I’ve heard of this phenomenon before, and it should be noted while the waves travel (or appear to travel) faster than light, information that can be transmitted by these waves cannot (it goes regular light speed or slower). Therefore, we’re not seeing a breakdown of the laws of physics here, nor is this really all that new an idea. It’s probably just a new implementation.

Lawrence B. Crowell
Member
Lawrence B. Crowell
June 30, 2009 8:32 PM

Agreed. The speed of light is a fundamental limit on causality. No causal signal or information can travel faster. In this case what is travelling faster than light is a phase, but not information.

Maxwell
Member
Maxwell
June 30, 2009 8:41 PM

Is’all greek to me as I don’t understand much of anything about this or how it violates causality and laws of the universe to find loopholes in Einsteins theories.

What I don’t understand most tho is how something can be moving faster than the speed of light, and we are aware of this somehow, but that something carries no information (when its existence is information).

Is this just a quirky thing that happens on a bench or can we someday look forward to FTL Morse code from mars?

Greg
Member
Greg
June 30, 2009 9:04 PM

This article is very confusing as written. The paragraph about using this phenomenon to speed up data processing in computers clearly indicates that this can be used to convey information faster. Even if only a portion of the wave is moving faster than light speed, that is still significant. Even though the signal itself cannot carry information the signal itself can be the information. If it’s delivery can be varied in any particular way then that variance can be translated into a message very easily. Granted such a message would not be secure but that isn’t always the point. Perhaps we are beginning to see the advent of “subspace communication” or ftl messaging.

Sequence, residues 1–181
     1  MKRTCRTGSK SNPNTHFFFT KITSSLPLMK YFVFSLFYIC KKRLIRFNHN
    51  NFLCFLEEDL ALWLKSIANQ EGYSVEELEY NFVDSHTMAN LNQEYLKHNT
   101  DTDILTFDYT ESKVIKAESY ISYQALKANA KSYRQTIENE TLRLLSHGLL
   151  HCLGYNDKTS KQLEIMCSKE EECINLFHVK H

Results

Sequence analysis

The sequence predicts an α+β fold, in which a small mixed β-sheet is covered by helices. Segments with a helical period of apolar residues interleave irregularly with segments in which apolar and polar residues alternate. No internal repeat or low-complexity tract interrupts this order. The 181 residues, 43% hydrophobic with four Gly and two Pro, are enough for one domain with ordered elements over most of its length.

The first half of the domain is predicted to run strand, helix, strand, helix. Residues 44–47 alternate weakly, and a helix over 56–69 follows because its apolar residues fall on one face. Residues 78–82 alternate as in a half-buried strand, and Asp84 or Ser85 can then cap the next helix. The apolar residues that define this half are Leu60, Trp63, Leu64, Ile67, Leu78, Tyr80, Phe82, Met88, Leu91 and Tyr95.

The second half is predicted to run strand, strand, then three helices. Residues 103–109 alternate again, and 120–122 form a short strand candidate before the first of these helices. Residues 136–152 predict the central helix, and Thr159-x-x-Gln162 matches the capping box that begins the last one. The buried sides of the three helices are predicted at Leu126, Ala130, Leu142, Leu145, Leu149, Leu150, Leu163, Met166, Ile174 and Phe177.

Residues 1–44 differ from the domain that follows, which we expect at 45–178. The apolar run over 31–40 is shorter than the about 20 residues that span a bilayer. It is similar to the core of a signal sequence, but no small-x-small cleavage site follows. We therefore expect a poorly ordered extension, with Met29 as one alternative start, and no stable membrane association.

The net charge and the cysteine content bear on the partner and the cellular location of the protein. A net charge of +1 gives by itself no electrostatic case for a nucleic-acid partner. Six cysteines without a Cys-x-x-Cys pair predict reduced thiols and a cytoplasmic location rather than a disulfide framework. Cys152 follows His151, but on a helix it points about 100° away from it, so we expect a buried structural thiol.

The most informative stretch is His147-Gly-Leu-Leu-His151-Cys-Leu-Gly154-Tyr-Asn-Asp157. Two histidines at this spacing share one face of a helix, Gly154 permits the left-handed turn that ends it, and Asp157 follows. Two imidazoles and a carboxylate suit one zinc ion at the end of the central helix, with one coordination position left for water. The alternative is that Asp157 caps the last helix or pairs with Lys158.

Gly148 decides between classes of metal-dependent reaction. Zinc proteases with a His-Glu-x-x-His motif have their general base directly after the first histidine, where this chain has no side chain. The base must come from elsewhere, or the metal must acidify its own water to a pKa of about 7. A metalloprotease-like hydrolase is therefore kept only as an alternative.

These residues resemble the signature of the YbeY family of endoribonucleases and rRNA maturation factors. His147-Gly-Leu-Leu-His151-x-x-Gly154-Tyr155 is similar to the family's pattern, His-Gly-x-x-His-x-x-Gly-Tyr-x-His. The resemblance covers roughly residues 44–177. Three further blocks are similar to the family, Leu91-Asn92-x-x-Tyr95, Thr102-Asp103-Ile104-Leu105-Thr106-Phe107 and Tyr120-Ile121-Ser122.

Astrofiend
Member
Astrofiend
June 30, 2009 9:17 PM
“What I don’t understand most tho is how something can be moving faster than the speed of light, and we are aware of this somehow, but that something carries no information (when its existence is information).” It’s existence could be thought of as providing information – i.e. Does this radio wave exist? > I can detect it > Yes it does. > OK – that provides me with information. However, what we are interested in here is the transmission of non-random information from one place to another. To do this, you have to modulate the signal somehow to allow the wave to carry information. Here it gets technical, but suffice it to say that the modulated wave packet… Read more »
CrazyEddieBlogger
Member
June 30, 2009 9:23 PM

Maxwell – try this thought (or real) experiment:

Take a laser pointer, and point it at the moon.
Next, swing the laser so it traverses the moon in about a 1/100 of a second. (that’s equivalent to about one complete revolution of your hand every 3 seconds).

The spot of the laser pointer is moving across the lunar landscape at approximately the speed of light!

Want to go faster? either swing your arm faster, or aim for Mars…

Just like in this device, no information is transmitted from one side of the moon to the other.

(Just thought of another – if you pre-program the audience, you can make a stadium wave move faster than the speed of light too!)

Ben

Maxwell
Member
Maxwell
June 30, 2009 9:30 PM

On the causality thing, I don’t think it would be a violation. The speed of light is fast but its not instantaneous.